The cure for winter blues is a good dose of beautiful light. The museums of D.C. are here for you! Find Leo Villareal’s Scramble (2011) on view in our house and his Multiverse (2005-2008) installed in the National Gallery of Art Concourse. The Hirshhorn’s Cube Light (2008) is on display with their Ai Weiwei: According to What? exhibition. 40 under 40: Craft Futures at the Renwick Gallery includes the private light experience that is Nick Dong’s Enlightenment Room (2008). And if neon is what you crave, Nam Jun Paik’s Electronic Superhighway: Continental U.S., Alaska, Hawaii (1995) is a buzzing presence in Smithsonian American Art Museum’s Paik exhibition. Have a seat and gaze forth.
As an intern in the Phillips’s education department, I have handled a variety of tasks, most of which allow for a creative approach or solution. When my supervisor asked me to write about something that interested me for this blog, I saw it as an opportunity to connect my interest in art and museums with my interest in interior design. As I walked through the galleries, Leo Villareal’s Scramble (2011) caught my attention–I stood in front of it, captivated by the changing lights. As I researched Villareal’s intent and inspiration, I made a connection between his work and a lighting design class I’m currently taking. I was inspired to look at LED lights from both an artist’s and an interior designer’s point of view and became curious about how LED lights affect the art world.
LED (light emitting diode) lights, were created over 50 years ago. What makes this light source different from halogen and incandescent lights is that it is more energy efficient and has a longer lamp life. Therefore, it is a very sustainable product. This is crucial today, when every industry is beginning to strive to be as sustainable and environmentally conscious as possible. At first LED lights were only available in warm colors, such as yellow, red, and orange, but with time new colors were developed, making LED an extremely versatile light source.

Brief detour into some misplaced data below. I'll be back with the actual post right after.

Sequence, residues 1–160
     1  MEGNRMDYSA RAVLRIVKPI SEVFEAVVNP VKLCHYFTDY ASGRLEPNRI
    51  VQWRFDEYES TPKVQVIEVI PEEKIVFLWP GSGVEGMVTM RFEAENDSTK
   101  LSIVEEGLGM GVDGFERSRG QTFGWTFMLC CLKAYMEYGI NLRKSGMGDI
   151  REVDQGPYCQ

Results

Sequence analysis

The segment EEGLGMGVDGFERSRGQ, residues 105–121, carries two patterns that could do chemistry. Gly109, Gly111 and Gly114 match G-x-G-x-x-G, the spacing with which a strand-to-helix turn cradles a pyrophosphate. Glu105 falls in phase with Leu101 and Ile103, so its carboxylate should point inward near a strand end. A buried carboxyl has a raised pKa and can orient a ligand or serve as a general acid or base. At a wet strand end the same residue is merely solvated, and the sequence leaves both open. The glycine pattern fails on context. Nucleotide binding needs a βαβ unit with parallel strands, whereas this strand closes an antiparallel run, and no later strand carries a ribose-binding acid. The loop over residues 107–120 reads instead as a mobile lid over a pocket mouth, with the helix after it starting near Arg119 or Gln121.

So where will this technology go from here? How is it going to affect art and museums? In most art museums, halogen lights are used in gallery spaces, but with the improvement of LED lights and their energy efficiency, long lamp life, and high color rendering index, LED lighting has been tested and is being considered as an alternative source for museum lighting. One of the biggest concerns in changing lighting in the gallery spaces of museums is the effects it will have on the artwork and the number of hours the art can be exposed to the light before it begins to deteriorate. The Getty Conservation Institute has concluded that LED lights perform slightly better than halogens and will therefore be beneficial in art museums.
Even though these changes are forthcoming, LED lights can already be seen in the work of artists such as Jenny Holzer, Liu Dao, and Leo Villareal. All of these works are installation pieces that cause a sense of awe in the viewer. When asked why he chose to work with light, Villareal explained that while he was getting his master’s degree from NYU in Interactive Telecommunications Programming he realized that he could incorporate light into his work and create an interesting piece with a small amount of information. Scramble pays homage to the work of Frank Stella, who Villareal met at The Phillips Collection. The work is composed of a light box that rapidly changes colors, mimicking the colors found in Frank Stella’s Scramble. Therefore, Villareal’s piece can be understood as a contemporary take on Stella’s work.
LED lights are a new technology that has affected both the medium and the display of art while at the same time adding a sustainable aspect to both.
Veronica Sesana, Education Undergraduate Intern
If you’ve traversed the National Gallery of Art’s concourse walkway in the past four years or followed the emanating glow into a small gallery upstairs in the Phillips house over the past few months, Leo Villareal’s interest in light’s cosmic, infinite possibilities will come as no surprise. Last month, the artist’s latest installation, Cosmos, was unveiled in the sculpture court at Cornell University’s Johnson Museum of Art. It involves twelve thousand LEDs and a zero gravity bench. Two years in the making, this artwork pays tribute to the late Cornell astronomy professor Carl Sagan, who said in the introduction to his 1980 television series Cosmos: A Personal Voyage:
Our feeblest contemplations of the Cosmos stir us—there is a tingling in the spine, a catch in the voice, a faint sensation as if a distant memory, of falling from a height. We know we are approaching the greatest of mysteries.
Hear Sagan deliver these words in the clip below and, if you will be anywhere near Ithaca, NY, this holiday season and have a chance to experience Villareal’s Cosmos in person, please share your reactions in the comments.